In Connecticut, COVID-related worker complaints are many, but feds punish few employers
Since the coronavirus pandemic began its sweep of the state in March, hundreds of Connecticut workers filed COVID-related complaints with the federal agency tasked with policing health and safety laws.
But so far, only two Connecticut companies have been penalized for COVID-related negligence.
Fewer than 1% of complaints in Connecticut resulted in penalties — not much different from the rate of penalties-to-complaints nationwide, which is also below 1%.
The underlying problem, experts and legislators say, is that the Occupational Health and Safety Administration hasn’t provided emergency standards to employers for how they should be handling the COVID-19 crisis, instead offering only guidelines with which employers do not have to comply.
So while complaints have piled up, especially regarding COVID-19, there aren’t clear rules to enforce — or violations to penalize.
Complaints to the Occupational Health and Safety Administration in Connecticut ran the gamut. They were filed by workers who said their crowded work sites did not allow social distancing, those who said fellow employees displaying COVID-19 symptoms continued on the job, workers who said they were not given protective gear, and workers who said their bosses failed to tell them of exposures to an infected co-worker.
The complaints came from a wide range of businesses that included health care facilities, restaurants, retail stores and even some of the state’s largest manufacturers, Pratt & Whitney, Electric Boat and Sikorsky.
No standard for an emergency like COVID
When a complaint is filed with OSHA, the agency determines whether it meets the criteria for an on-site inspection or whether it receives an inquiry, which may take place over the phone or email. Inspections must be wrapped up in six months.
Between February and October 2019, 399 Connecticut employees complained about their work conditions to OSHA, and 39% of those complaints were inspected.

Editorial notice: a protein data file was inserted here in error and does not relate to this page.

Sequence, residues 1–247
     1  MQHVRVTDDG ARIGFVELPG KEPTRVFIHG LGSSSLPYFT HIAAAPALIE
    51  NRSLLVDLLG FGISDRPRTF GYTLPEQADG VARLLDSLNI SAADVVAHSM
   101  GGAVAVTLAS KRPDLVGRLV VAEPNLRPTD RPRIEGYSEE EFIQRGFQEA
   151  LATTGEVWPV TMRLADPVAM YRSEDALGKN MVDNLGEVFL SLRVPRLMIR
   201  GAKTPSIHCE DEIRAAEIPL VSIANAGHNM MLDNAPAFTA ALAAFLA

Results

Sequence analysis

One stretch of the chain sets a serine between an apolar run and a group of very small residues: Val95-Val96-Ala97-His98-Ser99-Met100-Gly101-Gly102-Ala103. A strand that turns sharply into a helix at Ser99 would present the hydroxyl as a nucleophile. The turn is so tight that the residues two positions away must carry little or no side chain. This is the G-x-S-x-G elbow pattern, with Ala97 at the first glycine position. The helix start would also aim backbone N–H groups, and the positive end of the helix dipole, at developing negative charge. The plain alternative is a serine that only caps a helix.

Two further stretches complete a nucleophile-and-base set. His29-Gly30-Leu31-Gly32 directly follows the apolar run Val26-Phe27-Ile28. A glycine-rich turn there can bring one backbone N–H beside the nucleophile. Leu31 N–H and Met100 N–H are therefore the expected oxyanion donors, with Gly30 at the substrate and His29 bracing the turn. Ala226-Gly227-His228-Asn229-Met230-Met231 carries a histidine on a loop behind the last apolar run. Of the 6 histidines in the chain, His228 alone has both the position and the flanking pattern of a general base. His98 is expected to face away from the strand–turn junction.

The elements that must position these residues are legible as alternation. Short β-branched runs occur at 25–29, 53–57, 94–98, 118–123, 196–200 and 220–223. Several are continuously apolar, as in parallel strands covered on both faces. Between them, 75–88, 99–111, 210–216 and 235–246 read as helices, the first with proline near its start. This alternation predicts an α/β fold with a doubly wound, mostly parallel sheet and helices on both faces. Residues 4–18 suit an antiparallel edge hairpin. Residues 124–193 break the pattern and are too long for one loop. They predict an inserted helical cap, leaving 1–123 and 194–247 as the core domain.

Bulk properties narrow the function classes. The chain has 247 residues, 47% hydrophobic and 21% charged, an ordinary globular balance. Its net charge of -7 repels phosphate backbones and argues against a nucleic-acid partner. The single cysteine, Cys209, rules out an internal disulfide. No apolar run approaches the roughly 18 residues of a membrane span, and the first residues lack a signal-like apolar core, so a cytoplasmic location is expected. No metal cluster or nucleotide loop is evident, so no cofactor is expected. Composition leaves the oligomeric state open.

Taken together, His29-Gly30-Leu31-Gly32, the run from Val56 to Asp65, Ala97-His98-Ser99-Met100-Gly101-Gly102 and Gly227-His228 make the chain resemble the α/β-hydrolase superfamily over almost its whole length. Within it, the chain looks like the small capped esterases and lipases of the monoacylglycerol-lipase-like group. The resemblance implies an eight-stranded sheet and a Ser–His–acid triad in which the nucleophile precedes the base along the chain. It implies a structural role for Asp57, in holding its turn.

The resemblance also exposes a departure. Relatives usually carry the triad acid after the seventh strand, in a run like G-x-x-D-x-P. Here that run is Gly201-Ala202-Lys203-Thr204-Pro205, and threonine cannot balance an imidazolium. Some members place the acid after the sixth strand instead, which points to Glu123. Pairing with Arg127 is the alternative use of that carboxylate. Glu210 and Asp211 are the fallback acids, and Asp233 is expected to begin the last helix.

In contrast, OSHA received 684 complaints over the same time period this year and inspected 12% of them. A little more than half of those complaints were related to COVID-19 and 42 were open as of Oct. 11, but only 3% of COVID complaints have resulted in inspections. Guidelines for on-site inspections have evolved over the course of the pandemic.
Connecticut’s OSHA office, which investigates only complaints from state and municipal workers, does not have its own COVID-19 standards, said Juliet Manalan, communications director at the Department of Labor.
OSHA’s failure to address most of the hundreds of Connecticut-based complaints was in no way unique.
Through Oct. 8, OSHA received more than 10,000 employee complaints across the nation related to COVID-19. It cited only 85 establishments, resulting in proposed penalties totaling about $1.2 million.
Employers can’t be found guilty of breaking workplace safety rules that aren’t clearly established, experts said.
“The federal agency charged with enforcing workplace health and safety has failed to rise to the occasion,” said James Brudney, a professor of labor and employment law at Fordham University School of Law.
Brudney said that when the agency was created in 1970, it had the authority to issue emergency temporary standards to protect employees against “grave danger from exposure to substances or agents determined to be toxic or physically harmful or from new hazards.” OSHA has issued nine emergency protective standards to address new dangers in the workplace over the years but has not done so for the pandemic.
Instead, OSHA is handling COVID-related complaints under its “general duty clause.” But even by that standard, Brudney said, “the agency’s enforcement record is stunningly inadequate.”
The Department of Labor has also resisted calls from members of Congress and labor unions who have sued to try to force OSHA to adopt an emergency standard, but OSHA pushed back and won in court. Instead of providing employers with COVID-19 safety rules, OSHA has provided “Guidance on Preparing Workplaces for COVID-19” that “creates no new legal obligations” and are voluntary and advisory in nature, Brudney said.
Organized labor and congressional Democrats have also pressed OSHA to develop an enforceable emergency temporary standard that addresses the pandemic.
The massive HEROES Act House Democrats approved in May, and a more recent Democratic House stimulus bill, would have required the agency to develop that standard. But the legislation was never taken up by the GOP-controlled Senate.
“The number of workplace safety complaints filed during the pandemic is alarming, and the refusal of the Trump administration to investigate is emblematic of its priorities,” U.S. Rep. Rosa DeLauro, D-Conn., told the CT Mirror. “I have been clear in my view that OSHA has been working to protect corporate interests rather than vulnerable workers during this pandemic.”